One criterion for judging will be cost: videos entered in the contest must have been produced for $10,000 or less. "And we'll have a special category for videos produced for $5,000 or less," says Lee. "That's because the high costs of traditional video production prevent companies from creating them in the numbers they need to realize their full potential"

For more information and to enter, please click Worlds Best Customer Video Contest

For more information about the 2011 Summit on Customer Engagement.

Grope On, Google

Posted by Bill Lee on December 2, 2010 at 12:45 PM

Google's impending offer of an astounding $6 billion for local deals site Groupon is earning some brickbats: A Forrester analyst called the mulit-billion dollar offer "absurd" for a two year old company that has virtually no barriers to entry and that's "younger than my toddler."

It's questionable whether Groupon has no barriers to entry, but "Google Groupon" would certainly have a big one: how many coupon sites have the majority of the world--including your local neighborhood--conducting their Web searches for restaurants, spas, jimmy cho uggs, etc. on their site every month? Add to that Groupon's relationships with local advertisers who are responding in droves to the service, together with a sales force of about 1500 (half of its 3000 employees) according to the WSJ, and Google Groupon could now blanket local communities with that value proposition. And then there's all that data G-G could accumulate . . .

Btw, those relationships with local advertisers are clearly a critical piece to the high price Groupon would fetch; it's platform isn't all that big a deal. Let's see now, who else has close (and unlike Groupon) longstanding relationships with a lot of local advertisers? Newspaper publishers--there may be light at the end of the tunnel for you!

 

Presenter Update for the 2011 Summit

Posted by Bill Lee on December 2, 2010 at 11:56 AM

Following are updates on presenters for the 2011 Summit on Customer Engagement, from Cisco Systems, Hitachi Data Systems, Webroot, Citrix Systems, and the Microsoft MVP influencer program and more.

An emerging theme at the Summit: customer advocates are key to the success of social media and community marketing programs. Equally true: communities are key to the success of customer advocates. You'll leave the Summit with a very clear idea of why and how to leverage these realities.

Also, please stay tuned for information in the next few days for entering the World's Best Customer Video contest (winners to be announced at the Summit).

Also stay tuned as we add more terrific presenters in the next few weeks, from salesforce.com, SAP and also a high profile blogger on B2B social media.

Oh, and don't forget that early registration discount is still available.

See you in San Mateo,

Bill 

2011 SUMMIT ON CUSTOMER ENGAGEMENT

 March 1-2, 2011, San Mateo, CA

More information

Register (take get an additional early bird registration discount, enter the following code: #2011SCE-EBD in the discount code box.)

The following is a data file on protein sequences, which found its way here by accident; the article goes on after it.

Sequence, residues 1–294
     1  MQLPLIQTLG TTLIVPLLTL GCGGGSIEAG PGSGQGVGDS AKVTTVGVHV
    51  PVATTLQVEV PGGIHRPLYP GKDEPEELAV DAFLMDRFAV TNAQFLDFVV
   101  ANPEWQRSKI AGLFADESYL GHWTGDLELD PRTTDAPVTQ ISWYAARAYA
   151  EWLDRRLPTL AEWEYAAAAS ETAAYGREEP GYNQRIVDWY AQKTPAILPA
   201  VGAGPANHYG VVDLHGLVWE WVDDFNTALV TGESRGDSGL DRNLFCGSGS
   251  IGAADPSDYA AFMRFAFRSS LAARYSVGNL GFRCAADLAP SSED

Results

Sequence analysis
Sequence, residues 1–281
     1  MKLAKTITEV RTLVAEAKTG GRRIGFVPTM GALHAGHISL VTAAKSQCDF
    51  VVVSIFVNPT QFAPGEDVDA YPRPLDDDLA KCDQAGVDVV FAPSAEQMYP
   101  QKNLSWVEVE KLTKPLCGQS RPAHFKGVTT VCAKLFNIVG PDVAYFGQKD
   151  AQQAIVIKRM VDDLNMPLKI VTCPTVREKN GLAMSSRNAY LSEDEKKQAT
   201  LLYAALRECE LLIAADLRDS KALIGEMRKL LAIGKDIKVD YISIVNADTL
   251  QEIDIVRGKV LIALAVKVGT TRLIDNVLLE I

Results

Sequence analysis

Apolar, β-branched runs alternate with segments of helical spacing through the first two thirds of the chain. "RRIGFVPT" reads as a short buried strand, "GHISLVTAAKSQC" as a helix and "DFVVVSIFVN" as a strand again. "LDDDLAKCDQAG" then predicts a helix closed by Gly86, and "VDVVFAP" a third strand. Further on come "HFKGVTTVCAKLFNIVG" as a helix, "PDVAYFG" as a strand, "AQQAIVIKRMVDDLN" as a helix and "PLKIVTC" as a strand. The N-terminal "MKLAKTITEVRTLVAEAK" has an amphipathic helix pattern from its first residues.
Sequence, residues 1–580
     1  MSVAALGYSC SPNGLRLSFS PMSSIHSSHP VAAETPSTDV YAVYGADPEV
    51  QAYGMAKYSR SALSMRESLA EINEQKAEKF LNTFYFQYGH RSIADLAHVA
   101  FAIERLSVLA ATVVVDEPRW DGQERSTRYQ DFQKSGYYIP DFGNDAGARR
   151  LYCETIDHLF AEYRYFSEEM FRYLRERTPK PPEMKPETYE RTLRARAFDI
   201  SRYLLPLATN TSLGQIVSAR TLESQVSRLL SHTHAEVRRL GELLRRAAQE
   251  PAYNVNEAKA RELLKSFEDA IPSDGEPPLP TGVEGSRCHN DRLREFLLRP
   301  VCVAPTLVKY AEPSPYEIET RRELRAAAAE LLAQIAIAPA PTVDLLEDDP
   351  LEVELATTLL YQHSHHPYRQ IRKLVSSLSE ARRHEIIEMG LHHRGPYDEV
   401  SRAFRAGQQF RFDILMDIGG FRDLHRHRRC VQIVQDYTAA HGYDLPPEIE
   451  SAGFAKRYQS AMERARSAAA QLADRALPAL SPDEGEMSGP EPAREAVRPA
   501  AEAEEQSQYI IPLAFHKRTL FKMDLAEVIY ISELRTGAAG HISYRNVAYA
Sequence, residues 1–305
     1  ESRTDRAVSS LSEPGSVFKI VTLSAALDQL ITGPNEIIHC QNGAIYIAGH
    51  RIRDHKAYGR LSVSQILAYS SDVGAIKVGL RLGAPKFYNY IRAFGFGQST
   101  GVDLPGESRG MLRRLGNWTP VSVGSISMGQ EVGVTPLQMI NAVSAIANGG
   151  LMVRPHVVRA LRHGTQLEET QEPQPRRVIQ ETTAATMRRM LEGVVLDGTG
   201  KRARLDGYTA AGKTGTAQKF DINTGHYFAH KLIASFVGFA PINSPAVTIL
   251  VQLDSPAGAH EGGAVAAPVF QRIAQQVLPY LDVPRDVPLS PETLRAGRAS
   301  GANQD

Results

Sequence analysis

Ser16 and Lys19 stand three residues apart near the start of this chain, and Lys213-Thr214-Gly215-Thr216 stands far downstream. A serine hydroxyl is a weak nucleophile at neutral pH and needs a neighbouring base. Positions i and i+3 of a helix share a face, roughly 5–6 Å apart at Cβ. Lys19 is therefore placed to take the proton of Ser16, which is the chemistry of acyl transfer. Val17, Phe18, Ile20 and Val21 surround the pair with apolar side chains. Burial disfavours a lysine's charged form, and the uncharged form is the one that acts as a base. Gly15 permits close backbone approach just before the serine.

PRESENTER UPDATE

- Asim Zaheer, vice president of WW corporate & product marketing at Hitachi Data Systems (HDS) will show how HDS is deploying its passionate customer advocates to make dramatic improvements for the firm's brand and market share, while increasing the firm's revenue relative to its market place.

- Jeanette Gibson director, social media marketing, Cisco Systems will show how her firm creates a broad array of mutual value for customers with its vibrant customer communities and social media programs. This includes increased website demand generation, improved product development and more accurate customer and market intelligence.

 - Kerri Shea-Beers, director of marketing at Webroot, will show how she single handedly developed a simple, effective framework of metrics for Webroot's customer reference program, without incurring substantial outlays, that has won the support of both sales and senior management.

- Microsoft's Nestor Portillo, director of communities and online support, will show how the firm penetrates new global markets without large outlays for advertising and marketing, by engaging with local influencers, turning many of them into advocates or evangelists, with its highly respected MVP (Most Valuable Professional - MVP) program. Nestor is answering the question of how a firm can quickly and affordably grow product adoption and drive brand awareness in a new market where you're not well known, don't know its customers and morays, and literally don't speak the language.

- Pascale Royal at Citrix Systems Inc. will show how her organization has transformed their customer reference program into a unified, strategic reference community focused on marketing as well as driving its customers' success.

- We're also putting together a very strong panel for you on Influencer Marketing so you can learn how a variety of leading firms are finding and engaging with market influencers and turning them into advocates.